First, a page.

An experimental study of the ``Growing Together'' marriage preparation program

Mark Wayne Davis, Purdue University

Abstract

The purpose of this study was to investigate the short-term effect of the Growing Together Marriage Preparation Program on perceptions of relationship satisfaction, communication quality, change in relationship quality, and change in ability to handle problems. The sample consisted of 94 individuals recruited from Purdue University and the Greater Lafayette, Indiana community. None of the couples in the sample had been previously married and all were seriously dating or engaged. Twenty-two couples were randomly assigned to the treatment group and 25 couples formed a waiting list control group. Treatment couples participated in an 8-week small group marriage preparation program called Growing Together.^ Posttest scores were analyzed with a 2 x 2 ANOVA to determine the effects of treatment, gender, and the interaction between treatment and gender. Significant gender differences were not found on any of the dependent measures. No interactions were found between gender and the treatment variable. No significant differences were found in self-reports of relationship satisfaction or communication quality between the treatment and control groups. Significant differences were found, however, on self-reports of change in relationship quality and ability to handle problems. Treatment couples reported a change for the better in their relationship quality and ability to handle problems. Finally, subjective feedback on the Growing Together Program indicated that the program was helpful and enjoyable and that participants would recommend the program to friends who were seriously dating or engaged. ^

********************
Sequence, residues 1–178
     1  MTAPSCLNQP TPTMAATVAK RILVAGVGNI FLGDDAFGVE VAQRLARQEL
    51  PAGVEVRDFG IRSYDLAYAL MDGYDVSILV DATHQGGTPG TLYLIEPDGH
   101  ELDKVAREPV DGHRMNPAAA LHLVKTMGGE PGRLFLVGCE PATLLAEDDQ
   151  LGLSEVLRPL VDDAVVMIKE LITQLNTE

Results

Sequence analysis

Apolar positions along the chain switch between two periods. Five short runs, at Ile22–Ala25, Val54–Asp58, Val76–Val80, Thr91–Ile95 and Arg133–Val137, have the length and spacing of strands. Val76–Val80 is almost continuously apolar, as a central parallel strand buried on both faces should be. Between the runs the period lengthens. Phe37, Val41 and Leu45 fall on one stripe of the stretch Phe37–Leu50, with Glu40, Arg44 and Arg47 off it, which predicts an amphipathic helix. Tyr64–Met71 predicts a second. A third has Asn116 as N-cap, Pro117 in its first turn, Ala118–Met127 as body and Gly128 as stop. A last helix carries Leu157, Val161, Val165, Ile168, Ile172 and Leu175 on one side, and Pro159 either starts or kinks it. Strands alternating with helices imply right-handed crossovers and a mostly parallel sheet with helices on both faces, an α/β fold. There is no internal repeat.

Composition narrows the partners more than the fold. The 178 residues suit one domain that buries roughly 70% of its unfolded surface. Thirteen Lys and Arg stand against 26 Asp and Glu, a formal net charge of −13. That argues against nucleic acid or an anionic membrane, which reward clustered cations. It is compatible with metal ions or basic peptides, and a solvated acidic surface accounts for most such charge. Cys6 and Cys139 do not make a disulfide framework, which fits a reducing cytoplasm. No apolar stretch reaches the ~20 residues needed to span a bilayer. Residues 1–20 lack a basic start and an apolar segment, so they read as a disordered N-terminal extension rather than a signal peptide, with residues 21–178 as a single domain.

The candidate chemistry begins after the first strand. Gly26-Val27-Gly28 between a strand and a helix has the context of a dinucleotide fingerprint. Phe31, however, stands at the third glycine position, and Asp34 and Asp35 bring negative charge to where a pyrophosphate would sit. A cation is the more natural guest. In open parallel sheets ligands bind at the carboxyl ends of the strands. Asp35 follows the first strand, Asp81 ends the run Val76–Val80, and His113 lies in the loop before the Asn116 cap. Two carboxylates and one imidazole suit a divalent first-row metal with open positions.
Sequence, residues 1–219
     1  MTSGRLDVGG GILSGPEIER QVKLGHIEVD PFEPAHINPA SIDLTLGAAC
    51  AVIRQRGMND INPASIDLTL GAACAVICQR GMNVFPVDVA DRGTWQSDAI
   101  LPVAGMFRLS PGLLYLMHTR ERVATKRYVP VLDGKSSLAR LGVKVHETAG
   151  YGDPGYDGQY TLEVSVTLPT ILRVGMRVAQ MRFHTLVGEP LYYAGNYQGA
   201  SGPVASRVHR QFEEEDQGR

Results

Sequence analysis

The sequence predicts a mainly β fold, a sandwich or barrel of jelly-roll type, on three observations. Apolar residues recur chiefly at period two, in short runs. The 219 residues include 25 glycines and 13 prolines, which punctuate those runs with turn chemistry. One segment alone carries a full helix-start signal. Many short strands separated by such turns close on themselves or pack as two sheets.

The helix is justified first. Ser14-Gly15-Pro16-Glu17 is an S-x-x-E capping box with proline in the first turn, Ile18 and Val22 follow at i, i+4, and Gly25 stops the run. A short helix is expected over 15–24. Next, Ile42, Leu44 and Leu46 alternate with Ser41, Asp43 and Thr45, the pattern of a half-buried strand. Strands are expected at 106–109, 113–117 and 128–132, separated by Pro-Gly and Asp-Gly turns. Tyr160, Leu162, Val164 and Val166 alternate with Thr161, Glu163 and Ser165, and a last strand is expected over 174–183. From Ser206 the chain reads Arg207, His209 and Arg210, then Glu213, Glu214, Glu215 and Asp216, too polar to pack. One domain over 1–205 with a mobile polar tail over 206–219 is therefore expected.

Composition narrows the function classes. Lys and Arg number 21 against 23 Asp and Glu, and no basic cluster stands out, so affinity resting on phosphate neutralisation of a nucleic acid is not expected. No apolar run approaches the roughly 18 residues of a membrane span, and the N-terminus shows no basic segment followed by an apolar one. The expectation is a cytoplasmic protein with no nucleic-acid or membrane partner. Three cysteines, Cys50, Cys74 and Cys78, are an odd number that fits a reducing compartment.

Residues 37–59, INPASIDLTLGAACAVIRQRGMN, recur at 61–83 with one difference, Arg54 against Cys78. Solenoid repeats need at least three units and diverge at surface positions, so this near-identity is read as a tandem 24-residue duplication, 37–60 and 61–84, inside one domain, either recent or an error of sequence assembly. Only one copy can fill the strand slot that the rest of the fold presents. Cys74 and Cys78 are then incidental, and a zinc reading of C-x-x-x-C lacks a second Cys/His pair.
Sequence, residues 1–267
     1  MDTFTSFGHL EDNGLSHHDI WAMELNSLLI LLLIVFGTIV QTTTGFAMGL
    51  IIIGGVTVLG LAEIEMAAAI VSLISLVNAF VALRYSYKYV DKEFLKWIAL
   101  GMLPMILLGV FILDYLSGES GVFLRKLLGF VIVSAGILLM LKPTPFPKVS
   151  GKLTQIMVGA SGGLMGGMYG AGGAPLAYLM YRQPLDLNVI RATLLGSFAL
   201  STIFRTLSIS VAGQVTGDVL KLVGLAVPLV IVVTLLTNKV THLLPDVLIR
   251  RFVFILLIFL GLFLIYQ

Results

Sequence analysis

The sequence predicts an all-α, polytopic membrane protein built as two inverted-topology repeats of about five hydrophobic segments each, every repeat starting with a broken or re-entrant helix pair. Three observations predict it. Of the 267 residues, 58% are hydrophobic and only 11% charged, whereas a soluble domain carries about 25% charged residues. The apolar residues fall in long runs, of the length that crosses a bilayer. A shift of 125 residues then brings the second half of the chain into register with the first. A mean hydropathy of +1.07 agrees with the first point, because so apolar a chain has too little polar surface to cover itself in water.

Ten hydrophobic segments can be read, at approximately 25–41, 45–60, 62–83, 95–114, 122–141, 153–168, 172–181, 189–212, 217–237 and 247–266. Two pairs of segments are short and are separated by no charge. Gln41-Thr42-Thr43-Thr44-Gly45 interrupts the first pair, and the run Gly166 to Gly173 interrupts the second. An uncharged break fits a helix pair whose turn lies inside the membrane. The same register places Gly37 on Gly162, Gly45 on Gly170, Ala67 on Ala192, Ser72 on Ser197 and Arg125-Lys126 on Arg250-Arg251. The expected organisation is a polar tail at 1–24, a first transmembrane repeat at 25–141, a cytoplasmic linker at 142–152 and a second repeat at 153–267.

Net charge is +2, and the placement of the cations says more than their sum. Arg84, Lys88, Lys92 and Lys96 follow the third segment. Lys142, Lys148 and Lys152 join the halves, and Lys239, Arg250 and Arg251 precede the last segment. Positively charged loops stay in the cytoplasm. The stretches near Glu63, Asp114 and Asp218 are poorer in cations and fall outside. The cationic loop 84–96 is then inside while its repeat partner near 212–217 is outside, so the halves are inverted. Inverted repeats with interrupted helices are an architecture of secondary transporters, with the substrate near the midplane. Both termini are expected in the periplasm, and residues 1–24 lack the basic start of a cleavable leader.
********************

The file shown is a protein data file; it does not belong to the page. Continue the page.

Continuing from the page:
Degree

Ph.D.

Advisors

Major Professor: Allen E. Segrist, Purdue University.

Subject Area

Education, Guidance and Counseling|Sociology, Individual and Family Studies

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